End of the Edsel
The immediate problem for dealers at the end of the Edsel's run was trying to unload the now-orphan make. The factory issued discounts and rebates to dealers with Edsels still in stock. A flat $300 was given for each 1960 on the lot, and up to $400 for unsold 1959 models still on hand.
During its short run, the Edsel lost up to
$250 million for Ford.
In an attempt to control damage, factory agents went to each dealer to negotiate settlements for their stock of cars, parts, and even the lighted Edsel signs. One factor that helped soften the death blow was that there were only two dealerships left that still sold the Edsel exclusively.
Any Edsel customer who had bought a 1960 model prior to the announcement of the car's cancellation was issued a coupon offering a $300 discount on the future purchase of another new "domestically produced" Ford Motor Company passenger car. Each coupon was serially numbered and included no expiration date. At last count, about 150 of these coupons were outstanding, and would be honored today.
Once in England, Roy Brown headed styling projects for the Ford Anglia Estate, the Zephyr Zodiac III, and the Cortina, a car that made more money for Ford than the reported $250 million the Edsel lost it.
The end of the Edsel snuffed out the last ember of the so-called Reith Program that had looked so promising on that spring day in 1955. Jack Reith was given the reins to the newly independent Mercury Division, but when it was put back with Lincoln in 1957, he suddenly found himself "awaiting reassignment." Before long, he would be gone from the Ford Motor Company; before the 1950s were out, he would be dead of a shotgun blast that may or may not have been accidental.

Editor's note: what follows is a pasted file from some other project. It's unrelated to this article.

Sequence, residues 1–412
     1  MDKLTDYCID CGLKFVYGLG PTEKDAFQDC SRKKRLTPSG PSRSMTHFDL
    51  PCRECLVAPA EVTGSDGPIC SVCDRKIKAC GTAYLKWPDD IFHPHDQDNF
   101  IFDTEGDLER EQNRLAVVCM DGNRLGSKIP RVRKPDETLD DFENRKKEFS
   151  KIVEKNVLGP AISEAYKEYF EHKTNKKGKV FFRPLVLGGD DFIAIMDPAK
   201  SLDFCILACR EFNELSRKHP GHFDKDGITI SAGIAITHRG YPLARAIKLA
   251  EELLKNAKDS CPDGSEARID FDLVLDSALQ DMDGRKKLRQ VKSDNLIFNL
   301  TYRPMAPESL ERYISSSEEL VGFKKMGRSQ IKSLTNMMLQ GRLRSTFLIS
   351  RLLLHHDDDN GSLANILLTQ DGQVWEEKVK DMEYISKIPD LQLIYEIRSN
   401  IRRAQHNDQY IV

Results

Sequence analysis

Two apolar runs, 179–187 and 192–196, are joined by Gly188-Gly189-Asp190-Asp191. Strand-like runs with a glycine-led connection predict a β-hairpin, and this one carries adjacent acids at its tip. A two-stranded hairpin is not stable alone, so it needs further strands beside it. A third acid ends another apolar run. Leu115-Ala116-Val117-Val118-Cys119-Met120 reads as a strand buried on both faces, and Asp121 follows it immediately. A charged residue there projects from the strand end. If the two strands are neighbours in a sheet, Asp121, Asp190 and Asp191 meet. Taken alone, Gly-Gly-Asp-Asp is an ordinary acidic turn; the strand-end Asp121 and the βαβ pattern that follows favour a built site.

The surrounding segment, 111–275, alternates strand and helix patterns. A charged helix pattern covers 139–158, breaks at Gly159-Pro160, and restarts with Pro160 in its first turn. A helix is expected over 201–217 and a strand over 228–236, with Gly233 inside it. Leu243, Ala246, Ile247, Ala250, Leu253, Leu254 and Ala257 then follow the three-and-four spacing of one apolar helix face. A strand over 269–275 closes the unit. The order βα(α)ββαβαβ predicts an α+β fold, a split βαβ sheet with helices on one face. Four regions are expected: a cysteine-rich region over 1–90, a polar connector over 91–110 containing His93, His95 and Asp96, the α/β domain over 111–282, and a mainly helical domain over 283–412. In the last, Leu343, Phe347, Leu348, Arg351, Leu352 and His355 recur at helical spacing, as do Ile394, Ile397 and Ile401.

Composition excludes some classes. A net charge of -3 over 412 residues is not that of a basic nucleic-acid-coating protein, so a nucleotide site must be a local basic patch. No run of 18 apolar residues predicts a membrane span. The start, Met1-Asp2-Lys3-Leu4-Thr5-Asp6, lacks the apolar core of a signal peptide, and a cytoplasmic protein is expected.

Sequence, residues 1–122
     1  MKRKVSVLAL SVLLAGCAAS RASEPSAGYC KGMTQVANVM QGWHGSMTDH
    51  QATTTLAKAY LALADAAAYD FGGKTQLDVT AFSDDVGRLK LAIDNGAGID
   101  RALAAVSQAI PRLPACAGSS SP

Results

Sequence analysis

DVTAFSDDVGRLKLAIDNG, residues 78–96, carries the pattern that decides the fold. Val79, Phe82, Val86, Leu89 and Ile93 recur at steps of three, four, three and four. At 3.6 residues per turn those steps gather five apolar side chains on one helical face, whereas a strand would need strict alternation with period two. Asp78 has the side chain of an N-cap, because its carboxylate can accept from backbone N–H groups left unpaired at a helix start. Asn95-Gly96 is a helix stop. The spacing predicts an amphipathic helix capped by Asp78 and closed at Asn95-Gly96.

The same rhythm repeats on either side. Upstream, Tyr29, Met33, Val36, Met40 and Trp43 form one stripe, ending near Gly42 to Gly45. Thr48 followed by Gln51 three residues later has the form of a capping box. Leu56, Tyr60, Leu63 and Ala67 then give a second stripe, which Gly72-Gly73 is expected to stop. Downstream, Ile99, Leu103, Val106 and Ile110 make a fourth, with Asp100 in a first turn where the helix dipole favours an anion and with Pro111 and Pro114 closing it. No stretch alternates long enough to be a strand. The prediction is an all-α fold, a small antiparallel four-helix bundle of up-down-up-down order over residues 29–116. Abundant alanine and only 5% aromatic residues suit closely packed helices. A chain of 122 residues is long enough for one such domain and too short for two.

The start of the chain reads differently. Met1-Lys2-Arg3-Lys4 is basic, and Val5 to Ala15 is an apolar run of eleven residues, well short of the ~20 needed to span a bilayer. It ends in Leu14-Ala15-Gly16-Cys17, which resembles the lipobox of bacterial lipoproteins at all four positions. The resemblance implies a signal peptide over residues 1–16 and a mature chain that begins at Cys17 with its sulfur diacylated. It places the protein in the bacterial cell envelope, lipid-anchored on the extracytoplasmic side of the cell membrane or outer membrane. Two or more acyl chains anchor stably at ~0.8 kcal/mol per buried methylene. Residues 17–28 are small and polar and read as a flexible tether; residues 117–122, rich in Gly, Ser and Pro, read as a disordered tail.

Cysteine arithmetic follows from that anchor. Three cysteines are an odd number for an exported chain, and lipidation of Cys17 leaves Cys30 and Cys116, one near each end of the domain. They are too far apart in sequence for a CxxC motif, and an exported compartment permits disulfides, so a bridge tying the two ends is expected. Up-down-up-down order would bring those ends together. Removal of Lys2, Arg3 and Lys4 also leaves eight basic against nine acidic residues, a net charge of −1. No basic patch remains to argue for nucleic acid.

Today, the 1960 Edsel is a unique collectible auto.
On November 9, 1960, Robert Strange McNamara was announced as the new president of the Ford Motor Company. That same morning, a young Massachusetts Senator awoke to learn that he had narrowly out-polled the Vice President of the United States in voting for the nation's presidency.
Soon John F. Kennedy would seek out McNamara to serve as Secretary of Defense. In the first days of 1961, McNamara resigned from Ford and headed to Washington, where he became a lightning rod for controversy in a far deadlier struggle than the contest for medium-priced car sales.
As for the Edsel, it quickly attached itself to the English language as a synonym for abject failure. But it did win on one count: It became an instant collector's item and remains one of the icons of its time.
For models, prices, and production numbers of the 1960 Edsel, see the next page.
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